Seven other proteins involved in signal pathway and metabolism were investigated in this study. Uridine phosphorylase 1 isoform X2 showed an expression level of about 15.0 times higher in SG than in MT. The transcripts of putative phosphorylase b kinase regulatory subunit beta were higher in gut and RB than in other tissues. The expression levels of prostatic acid phosphatase-like isoform X1 and prostatic acid phosphatase were about 9.5 and 18.0 times higher in head than in MT, while the latter was also expressed higher in gut than in SG, RB and MT. The expression level of Rac-GTP binding protein had no difference in head, gut and MT. The expression level of calcium/calmodulin-dependent protein kinase 2 isoform X2 was the highest in gut and the lowest in RB, but there was no difference among in SG, head and MT. Calcium/calmodulin-dependent protein kinase type 1 isoform X3 showed the highest expression level in gut and the lowest in MT compared with other tissues.

Development and sex-specific expression patterns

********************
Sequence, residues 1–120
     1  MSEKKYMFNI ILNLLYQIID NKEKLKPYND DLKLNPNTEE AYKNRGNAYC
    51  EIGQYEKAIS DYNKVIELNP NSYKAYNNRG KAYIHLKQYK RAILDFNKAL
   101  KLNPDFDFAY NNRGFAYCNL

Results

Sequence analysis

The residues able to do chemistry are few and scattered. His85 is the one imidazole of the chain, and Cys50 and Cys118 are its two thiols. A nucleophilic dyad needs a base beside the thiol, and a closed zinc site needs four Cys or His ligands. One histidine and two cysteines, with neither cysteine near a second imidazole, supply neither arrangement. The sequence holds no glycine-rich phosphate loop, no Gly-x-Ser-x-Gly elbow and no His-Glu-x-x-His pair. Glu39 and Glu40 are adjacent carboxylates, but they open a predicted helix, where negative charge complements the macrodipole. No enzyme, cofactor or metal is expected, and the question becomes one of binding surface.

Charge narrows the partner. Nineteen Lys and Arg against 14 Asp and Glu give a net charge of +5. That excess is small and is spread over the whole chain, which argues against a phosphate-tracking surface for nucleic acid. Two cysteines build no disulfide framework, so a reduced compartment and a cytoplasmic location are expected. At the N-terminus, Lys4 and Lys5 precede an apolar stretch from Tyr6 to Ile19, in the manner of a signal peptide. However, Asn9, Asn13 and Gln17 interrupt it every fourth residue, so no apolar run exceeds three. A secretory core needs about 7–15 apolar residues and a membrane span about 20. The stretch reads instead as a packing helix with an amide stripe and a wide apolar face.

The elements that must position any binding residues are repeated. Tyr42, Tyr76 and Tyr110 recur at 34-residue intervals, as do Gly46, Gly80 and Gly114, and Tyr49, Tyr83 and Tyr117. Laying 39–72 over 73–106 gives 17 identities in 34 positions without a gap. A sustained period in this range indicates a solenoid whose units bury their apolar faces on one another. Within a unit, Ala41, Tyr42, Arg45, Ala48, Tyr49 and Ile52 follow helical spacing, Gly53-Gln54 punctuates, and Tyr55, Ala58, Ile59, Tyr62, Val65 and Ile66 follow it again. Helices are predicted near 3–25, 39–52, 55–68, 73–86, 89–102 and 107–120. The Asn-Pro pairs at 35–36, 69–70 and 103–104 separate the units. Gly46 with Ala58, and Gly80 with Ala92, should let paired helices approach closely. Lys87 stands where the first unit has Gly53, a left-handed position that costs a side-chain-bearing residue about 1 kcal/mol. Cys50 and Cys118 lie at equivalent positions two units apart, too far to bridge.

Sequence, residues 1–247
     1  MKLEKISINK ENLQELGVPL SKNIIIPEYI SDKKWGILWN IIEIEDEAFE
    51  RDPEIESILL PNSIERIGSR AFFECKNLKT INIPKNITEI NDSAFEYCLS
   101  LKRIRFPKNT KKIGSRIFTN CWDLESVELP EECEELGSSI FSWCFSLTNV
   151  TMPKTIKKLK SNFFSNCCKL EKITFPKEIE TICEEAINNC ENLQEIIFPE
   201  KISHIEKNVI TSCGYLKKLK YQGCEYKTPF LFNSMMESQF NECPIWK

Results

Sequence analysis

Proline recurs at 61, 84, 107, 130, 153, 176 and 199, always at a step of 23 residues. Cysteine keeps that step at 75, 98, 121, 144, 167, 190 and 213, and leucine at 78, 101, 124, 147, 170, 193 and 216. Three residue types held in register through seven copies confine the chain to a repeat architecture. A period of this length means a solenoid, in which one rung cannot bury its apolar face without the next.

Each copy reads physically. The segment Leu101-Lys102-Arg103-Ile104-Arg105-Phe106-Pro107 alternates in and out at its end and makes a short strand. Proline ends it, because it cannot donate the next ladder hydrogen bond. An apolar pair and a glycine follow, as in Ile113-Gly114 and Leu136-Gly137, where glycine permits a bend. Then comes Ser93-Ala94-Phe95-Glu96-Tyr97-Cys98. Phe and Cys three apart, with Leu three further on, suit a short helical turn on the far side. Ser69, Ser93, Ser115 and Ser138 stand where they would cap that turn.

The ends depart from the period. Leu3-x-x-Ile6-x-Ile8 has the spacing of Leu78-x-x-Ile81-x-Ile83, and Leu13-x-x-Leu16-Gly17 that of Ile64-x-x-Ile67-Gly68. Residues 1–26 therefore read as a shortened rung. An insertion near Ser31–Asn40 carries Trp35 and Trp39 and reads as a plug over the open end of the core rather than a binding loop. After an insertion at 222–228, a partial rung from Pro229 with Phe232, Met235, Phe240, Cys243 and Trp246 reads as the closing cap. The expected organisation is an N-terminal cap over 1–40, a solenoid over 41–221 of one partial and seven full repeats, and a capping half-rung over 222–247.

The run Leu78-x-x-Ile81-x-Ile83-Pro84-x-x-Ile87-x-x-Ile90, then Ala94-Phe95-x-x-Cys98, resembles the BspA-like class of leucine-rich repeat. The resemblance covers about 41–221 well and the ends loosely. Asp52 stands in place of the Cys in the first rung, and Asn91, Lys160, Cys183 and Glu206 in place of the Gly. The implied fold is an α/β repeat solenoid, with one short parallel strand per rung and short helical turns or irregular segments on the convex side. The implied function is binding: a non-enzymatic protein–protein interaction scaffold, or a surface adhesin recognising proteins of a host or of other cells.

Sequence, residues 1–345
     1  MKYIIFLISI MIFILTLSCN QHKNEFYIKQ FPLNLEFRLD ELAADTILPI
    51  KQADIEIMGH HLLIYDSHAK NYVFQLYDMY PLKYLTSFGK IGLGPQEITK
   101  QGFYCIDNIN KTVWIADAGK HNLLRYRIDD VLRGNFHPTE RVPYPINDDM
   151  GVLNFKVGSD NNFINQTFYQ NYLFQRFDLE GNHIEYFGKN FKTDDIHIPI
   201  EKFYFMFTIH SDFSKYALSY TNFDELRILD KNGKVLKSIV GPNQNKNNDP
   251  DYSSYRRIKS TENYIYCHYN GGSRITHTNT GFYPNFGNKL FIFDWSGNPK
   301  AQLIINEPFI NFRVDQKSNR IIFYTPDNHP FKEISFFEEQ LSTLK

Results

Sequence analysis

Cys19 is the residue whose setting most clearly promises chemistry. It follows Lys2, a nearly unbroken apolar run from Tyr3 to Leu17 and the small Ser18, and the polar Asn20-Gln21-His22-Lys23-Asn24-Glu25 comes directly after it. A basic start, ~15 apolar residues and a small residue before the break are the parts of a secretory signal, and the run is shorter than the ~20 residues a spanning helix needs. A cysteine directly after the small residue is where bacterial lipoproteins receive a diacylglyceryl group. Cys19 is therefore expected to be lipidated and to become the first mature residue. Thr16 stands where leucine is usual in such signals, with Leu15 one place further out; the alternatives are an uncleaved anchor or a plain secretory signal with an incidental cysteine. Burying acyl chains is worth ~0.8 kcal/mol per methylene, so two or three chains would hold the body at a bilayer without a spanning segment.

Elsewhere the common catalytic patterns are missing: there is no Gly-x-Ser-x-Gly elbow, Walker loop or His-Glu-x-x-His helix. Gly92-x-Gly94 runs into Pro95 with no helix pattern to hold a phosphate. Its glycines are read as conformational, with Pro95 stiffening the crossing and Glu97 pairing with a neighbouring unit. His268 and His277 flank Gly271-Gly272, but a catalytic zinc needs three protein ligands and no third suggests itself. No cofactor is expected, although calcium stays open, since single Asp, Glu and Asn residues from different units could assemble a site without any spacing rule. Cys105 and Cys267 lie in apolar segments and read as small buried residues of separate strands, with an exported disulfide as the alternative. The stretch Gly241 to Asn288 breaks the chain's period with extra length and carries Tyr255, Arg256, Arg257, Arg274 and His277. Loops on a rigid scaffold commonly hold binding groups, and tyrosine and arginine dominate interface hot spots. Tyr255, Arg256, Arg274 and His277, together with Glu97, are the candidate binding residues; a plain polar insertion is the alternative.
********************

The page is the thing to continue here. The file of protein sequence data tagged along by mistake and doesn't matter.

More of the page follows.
The transcript abundances of 32 salivary protein genes in SG of WBPH 2nd-3rd instar nymph, 4th-5th instar nymph, female and male adult were investigated by real-time qPCR. The significantly differentiation of development and sex-specific expressions of 32 salivary protein genes were shown in Fig 4. With the expression level in SG of 2nd-3rd instar nymph for reference, most of the salivary proteins had similar expression levels in SG of developmental stages and sexes, except multicopper oxidase 4, cytochrome P450 CYPSF01, cytochrome P450 CYPSF02, NADPH-cytochrome P450 reductase, putative acetylcholinesterase 1, and Rac-GTP binding protein. The expression level of multicopper oxidase 4 was increased from the 2nd-3rd nymph to adult stages. The relatively transcript levels of cytochrome P450 CYPSF01 and NADPH-cytochrome P450 reductase were higher in adult than in instar. Cytochrome P450 CYPSF02 showed a lower expression level in 4th-5th instar than that in other development stages. The putative acetylcholinesterase 1 was expressed higher in the stages of the 2nd-3rd instar and female adult than those in the stages of the 4th-5th instar and male adult. Rac-GTP binding protein had a lower expression level at the stages of 2nd-3rd and 4th-5th instar than that in adult stage. Except putative acetylcholinesterase 1, the expression levels of other 31 enzymes had no difference between female and male adult.